I explain that most of the saline will drip back out, but some will get into the nose and nasopharynx, and will act as both an irrigant as well as a flush. I recommend two sprays in each nostril, every two hours when the child is awake. I also recommend saline spray every night at bedtime, especially for cold-prone children, throughout the fall and winter months.

Here are a few other effective alternatives for managing upper respiratory infections:

Oxymetazoline: For a child who is especially congested, an under-utilized, although remarkably safe and effective medication is oxymetazoline. This can be used in infants as well. It can be used as a spray or a drop, depending on which is best tolerated by the child.

Like all drugs, oxymetazoline should be used judiciously, in limited quantity and duration. An easy way for families to remember is the ‘rule of 2’s’: two sprays per nostril, two times per day, for no more than two days. While this medication is safe for all ages, rebound response can occur, even after short-term use.

Humidifiers: A humidifier in the child’s bedroom can be a big help during a respiratory illness. Parents often ask about whether or not menthol additives are beneficial. I advise against them, as many young children may have adverse reactions to inhaled menthol. Tap water works best. If the water has a high calcium content, families can purchase a mineral filter to leach out the calcifications which may form during the evaporation process.

Clear Fluids: Infants and children with a respiratory illness need oral hydration. Even if a child is afebrile, nasal congestion with associated mouth breathing can be dehydrating. They need clear fluids!. Water or juices are OK, but children with febrile illnesses often lose electrolytes, so electrolyte replacement may be indicated.

One option is a drink that can easily be prepared at home by mixing warm tap water, a squeezed lemon (pits removed), and a bit of table salt and brown or raw sugar (or an organic sugar alternative) to taste. This will provide a bit of sweetness from the sugar, electrolytes from the salt, vitamin C from the lemon and hydration from the water. Parents can titrate the amount of sugar, depending on what the child is willing to drink, and either heat it a bit or add ice, depending on the child’s preference for a warm or cool drink.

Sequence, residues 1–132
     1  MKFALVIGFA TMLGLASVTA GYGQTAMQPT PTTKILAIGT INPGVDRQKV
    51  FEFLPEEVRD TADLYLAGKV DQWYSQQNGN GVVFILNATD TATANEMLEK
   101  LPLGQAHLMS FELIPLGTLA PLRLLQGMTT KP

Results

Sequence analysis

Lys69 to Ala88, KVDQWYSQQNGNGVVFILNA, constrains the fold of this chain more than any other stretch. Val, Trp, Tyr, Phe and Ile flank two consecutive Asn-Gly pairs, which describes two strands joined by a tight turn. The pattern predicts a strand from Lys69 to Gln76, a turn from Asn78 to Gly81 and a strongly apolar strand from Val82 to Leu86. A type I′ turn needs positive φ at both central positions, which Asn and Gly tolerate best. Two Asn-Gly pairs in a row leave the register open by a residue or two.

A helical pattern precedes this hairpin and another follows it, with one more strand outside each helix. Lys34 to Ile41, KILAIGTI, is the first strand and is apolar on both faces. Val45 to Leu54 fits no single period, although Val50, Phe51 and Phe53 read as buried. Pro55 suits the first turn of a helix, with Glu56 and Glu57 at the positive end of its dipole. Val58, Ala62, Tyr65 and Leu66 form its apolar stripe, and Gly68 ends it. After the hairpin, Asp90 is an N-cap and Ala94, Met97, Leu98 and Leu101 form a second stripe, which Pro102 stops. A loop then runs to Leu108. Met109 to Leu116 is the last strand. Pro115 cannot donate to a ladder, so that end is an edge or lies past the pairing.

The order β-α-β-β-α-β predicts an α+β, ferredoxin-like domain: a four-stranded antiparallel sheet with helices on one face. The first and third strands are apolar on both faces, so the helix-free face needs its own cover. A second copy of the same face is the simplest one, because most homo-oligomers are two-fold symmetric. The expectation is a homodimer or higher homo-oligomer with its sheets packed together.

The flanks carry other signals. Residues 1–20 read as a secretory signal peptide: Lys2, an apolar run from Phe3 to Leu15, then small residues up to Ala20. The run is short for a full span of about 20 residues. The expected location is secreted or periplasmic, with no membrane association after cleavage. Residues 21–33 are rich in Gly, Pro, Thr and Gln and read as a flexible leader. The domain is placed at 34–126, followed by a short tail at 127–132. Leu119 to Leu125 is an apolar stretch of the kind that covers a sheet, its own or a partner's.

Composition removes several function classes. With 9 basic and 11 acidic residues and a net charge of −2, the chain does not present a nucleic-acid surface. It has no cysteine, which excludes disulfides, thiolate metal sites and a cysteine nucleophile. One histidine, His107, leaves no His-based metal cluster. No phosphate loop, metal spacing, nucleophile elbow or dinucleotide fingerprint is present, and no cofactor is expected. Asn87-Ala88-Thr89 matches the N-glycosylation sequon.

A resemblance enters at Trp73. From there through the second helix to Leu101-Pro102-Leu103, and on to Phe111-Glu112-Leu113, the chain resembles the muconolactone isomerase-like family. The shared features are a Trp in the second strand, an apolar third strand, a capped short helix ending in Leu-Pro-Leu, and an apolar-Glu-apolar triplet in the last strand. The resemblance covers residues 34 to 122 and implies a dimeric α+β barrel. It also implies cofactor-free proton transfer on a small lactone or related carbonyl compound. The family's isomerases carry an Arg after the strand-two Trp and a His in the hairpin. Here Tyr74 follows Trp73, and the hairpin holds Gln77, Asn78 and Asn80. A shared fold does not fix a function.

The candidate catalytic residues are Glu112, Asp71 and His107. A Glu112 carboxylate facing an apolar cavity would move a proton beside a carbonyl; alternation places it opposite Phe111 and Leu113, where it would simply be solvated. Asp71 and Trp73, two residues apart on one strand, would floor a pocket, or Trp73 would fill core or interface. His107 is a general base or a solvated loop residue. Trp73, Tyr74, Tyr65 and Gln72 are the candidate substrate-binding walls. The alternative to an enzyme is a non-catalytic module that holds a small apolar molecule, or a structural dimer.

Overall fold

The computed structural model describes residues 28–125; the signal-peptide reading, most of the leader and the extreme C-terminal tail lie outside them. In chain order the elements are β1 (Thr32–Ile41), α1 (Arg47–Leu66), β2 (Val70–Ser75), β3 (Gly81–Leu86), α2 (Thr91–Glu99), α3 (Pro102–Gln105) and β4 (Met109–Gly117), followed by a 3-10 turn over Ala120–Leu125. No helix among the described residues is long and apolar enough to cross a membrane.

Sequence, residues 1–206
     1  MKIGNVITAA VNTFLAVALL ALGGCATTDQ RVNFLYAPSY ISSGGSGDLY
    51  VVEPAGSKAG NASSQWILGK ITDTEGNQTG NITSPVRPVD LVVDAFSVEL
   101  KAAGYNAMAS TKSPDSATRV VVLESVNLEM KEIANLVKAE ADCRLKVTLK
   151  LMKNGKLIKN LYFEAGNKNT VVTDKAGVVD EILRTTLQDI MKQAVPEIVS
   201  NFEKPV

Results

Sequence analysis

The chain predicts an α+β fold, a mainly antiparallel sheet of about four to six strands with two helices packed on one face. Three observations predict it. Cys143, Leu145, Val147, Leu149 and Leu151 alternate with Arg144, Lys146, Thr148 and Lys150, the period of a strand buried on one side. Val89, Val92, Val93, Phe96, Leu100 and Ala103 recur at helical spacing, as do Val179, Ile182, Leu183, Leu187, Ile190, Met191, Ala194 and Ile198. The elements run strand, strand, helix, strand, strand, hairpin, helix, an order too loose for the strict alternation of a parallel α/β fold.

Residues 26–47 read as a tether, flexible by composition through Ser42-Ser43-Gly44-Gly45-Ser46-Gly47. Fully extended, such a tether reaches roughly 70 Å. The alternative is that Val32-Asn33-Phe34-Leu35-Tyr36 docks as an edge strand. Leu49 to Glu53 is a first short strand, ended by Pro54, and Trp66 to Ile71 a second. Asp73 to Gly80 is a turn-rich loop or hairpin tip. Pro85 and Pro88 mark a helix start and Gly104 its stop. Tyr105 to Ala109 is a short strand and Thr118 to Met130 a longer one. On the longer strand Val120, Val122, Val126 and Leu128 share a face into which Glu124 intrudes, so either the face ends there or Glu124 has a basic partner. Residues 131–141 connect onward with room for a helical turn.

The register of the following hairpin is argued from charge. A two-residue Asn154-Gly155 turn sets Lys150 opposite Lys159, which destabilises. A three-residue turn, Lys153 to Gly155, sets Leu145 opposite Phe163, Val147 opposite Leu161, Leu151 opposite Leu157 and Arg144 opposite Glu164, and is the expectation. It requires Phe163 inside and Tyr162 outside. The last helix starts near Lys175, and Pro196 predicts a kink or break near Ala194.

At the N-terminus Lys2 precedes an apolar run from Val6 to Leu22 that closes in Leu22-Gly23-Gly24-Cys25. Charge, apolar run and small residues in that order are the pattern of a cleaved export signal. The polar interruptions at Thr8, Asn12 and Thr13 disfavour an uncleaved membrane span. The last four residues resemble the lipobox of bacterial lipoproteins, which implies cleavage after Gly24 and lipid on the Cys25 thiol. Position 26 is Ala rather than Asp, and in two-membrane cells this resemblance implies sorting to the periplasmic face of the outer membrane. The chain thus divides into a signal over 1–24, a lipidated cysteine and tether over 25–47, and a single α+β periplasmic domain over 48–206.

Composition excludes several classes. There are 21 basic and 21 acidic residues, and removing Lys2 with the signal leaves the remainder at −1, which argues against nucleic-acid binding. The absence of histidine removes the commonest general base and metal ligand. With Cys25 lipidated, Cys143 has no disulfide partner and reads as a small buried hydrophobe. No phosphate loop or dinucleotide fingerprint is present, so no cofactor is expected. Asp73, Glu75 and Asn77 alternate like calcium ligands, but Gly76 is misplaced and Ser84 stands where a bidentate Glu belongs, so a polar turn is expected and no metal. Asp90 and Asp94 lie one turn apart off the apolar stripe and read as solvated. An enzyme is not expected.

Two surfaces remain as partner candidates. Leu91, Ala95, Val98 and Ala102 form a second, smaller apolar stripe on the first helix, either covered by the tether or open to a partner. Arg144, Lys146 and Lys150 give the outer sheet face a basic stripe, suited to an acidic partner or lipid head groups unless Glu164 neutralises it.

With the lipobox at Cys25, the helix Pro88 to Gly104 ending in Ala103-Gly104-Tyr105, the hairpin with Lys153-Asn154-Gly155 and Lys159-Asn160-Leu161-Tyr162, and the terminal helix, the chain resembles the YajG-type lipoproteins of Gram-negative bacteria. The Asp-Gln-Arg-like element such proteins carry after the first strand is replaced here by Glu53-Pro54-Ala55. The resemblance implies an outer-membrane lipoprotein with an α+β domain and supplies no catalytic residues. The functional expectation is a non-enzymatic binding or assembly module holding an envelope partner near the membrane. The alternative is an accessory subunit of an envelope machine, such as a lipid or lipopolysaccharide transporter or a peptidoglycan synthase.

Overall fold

Parents can also make “sorbet” by blending the same ingredients and adding ice chips to the mix. Children can eat this right from the blender, or the mixture can be frozen in ice cube trays to be eaten later as ice pops.

Fevers Without Fear

Another seemingly obvious recommendation is that a family should have at least one (ideally several) functional digital thermometer. These do not need to be the high-end pricey kind, but there have been so many instances when I’ve asked a family what the child’s temperature was, and they state that they do not own a thermometer, but that the child ‘felt warm’.

Once a family has a thermometer, I advise parents to keep very careful notes when it comes to a child’s fever: these should include the time the temperature was taken, what the temperature was, and what medication/therapy was given. For high fevers, children over six months can tolerate an alternating regimen of acetaminophen and ibuprofen up to every three hours. Children under age six months should get acetaminophen only, up to every four hours.

Many parents are quite concerned about fevers, and rightly so. However, a fever in a child is a symptom, not an illness. Medications can reduce (though not necessarily eliminate) a fever, but it is very important to try and address the cause of the fever. Is it an ear infection? A sinus infection? Just another cold?

In any event, a child with a fever is usually uncomfortable. One thing that can help is to place a cool, wet washcloth on the child’s forehead and/or the back of the neck. Somewhat paradoxically, a warm (not cold) bath can also help, as can frequent oral hydration. If the child is sweaty, it’s a good idea to change his/her clothes frequently.